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Four crazy stories of medical malpractice 

On Behalf of | Sep 14, 2021 | Medical Malpractice |

Readers of this blog have likely read stories of medical malpractice in the past. And, just like we hear about medical breakthroughs that blow our minds, so to do we crazy stories of medical malpractice. These four stories had lifechanging outcomes.

Wrong leg

The surgery on the wrong appendage is a not uncommon issue. Though, completely taking off the wrong leg is, luckily, a rarity. Unfortunately, that was what one diabetic man went through when he went in for knee surgery related to diabetes-related circulatory disease.

Demon hand

The old adage, of idle hands came true for a 33-year-old construction worker. He had a psychotic break, believed his hand was evil and cut it off at work. Luckily, a co-worker saved the hand in a cooler with ice, and the worker was rushed to the hospital to have the hand re-attached. Though, since the man still believed his hand was evil, he refused to allow the doctor to re-attach it. This left the doctor in a difficult situation because he could possibly be sued if put the hand back on, but also if he did not put the hand back on. So, he consulted a judge, which shielded him and the hospital from liability under Virginia law. The finding: the man got his wish.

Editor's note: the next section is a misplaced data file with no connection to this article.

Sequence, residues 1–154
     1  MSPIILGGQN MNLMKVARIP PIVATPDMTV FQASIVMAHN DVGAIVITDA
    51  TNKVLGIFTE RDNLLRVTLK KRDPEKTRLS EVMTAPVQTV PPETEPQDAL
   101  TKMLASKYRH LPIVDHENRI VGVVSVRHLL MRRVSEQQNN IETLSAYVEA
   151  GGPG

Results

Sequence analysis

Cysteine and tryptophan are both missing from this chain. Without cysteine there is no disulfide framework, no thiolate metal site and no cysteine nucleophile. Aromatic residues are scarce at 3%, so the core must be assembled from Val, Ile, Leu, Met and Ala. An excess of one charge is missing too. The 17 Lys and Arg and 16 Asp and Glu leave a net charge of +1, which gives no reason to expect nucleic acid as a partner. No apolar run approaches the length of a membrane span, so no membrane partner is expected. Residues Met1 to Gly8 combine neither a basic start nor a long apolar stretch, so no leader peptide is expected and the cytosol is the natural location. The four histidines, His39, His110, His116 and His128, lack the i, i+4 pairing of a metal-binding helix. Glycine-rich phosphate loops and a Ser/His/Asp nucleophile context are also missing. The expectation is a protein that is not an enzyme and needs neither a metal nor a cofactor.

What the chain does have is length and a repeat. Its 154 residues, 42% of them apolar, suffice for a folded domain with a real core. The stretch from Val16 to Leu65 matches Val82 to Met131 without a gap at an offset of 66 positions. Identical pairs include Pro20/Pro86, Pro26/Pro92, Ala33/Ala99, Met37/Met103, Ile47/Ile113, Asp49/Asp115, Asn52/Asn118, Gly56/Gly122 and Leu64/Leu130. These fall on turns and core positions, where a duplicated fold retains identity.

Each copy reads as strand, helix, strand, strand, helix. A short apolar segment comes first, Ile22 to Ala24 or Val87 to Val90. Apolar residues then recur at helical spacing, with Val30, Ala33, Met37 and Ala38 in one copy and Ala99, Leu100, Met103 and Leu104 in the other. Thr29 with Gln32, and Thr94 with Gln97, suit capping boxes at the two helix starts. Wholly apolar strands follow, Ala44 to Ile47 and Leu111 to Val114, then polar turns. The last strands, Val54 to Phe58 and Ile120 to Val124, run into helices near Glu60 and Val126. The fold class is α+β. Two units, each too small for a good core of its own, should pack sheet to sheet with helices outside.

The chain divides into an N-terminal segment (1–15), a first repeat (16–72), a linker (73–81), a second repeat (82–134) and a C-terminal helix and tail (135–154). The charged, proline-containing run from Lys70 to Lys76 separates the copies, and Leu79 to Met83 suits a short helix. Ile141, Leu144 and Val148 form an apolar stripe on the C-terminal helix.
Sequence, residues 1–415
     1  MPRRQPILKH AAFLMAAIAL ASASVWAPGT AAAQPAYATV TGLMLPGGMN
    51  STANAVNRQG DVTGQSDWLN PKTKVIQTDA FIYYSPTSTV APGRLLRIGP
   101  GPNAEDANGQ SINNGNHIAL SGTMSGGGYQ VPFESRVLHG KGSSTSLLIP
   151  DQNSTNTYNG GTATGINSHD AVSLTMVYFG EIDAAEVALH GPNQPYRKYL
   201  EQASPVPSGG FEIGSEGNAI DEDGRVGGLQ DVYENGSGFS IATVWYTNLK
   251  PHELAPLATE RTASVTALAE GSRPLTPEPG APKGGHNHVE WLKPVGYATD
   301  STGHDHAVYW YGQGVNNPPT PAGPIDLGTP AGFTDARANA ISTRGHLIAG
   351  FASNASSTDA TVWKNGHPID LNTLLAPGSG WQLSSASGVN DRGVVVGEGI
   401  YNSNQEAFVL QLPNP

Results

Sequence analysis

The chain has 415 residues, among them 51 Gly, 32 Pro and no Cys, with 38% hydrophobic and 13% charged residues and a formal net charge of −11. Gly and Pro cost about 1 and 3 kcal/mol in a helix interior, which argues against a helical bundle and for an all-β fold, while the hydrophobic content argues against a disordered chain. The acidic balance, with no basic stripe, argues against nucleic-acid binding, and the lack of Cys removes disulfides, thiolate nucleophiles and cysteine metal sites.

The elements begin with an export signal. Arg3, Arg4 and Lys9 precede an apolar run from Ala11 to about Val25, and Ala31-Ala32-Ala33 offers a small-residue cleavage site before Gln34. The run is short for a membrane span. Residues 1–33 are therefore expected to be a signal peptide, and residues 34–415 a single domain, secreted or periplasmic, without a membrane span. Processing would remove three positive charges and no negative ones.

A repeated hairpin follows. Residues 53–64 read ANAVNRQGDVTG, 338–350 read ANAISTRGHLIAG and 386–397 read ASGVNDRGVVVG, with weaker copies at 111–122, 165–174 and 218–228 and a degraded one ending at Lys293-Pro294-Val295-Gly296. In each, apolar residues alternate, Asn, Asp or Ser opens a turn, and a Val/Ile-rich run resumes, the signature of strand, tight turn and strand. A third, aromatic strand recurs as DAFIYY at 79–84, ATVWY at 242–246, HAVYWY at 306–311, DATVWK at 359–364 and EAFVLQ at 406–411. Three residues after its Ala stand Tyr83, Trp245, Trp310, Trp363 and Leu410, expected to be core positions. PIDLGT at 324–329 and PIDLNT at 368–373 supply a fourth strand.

A fatherly mix-up

A couple in our area of the country sued a fertility clinic when they found out their child’s father was not, in fact, the father. Apparently, there was a mix-up with sperm at the fertility clinic, which resulted in the wrong man’s sperm being utilized. The couple discovered the error when the child was born and appeared to be a different race.

Forgotten tools

In what has become all too common occurrence, a California woman had to have nearly 20 inches of small intestine removed because a surgeon forgot eight-inch surgical forceps inside the woman’s body during a prior surgery. Forgetting items inside patients is a shockingly common occurrence, but seldom are the items so large. These stories, while, luckily, rare, medical malpractice, generally is not for Mechanicsburg and Philadelphia, Pennsylvania, residents.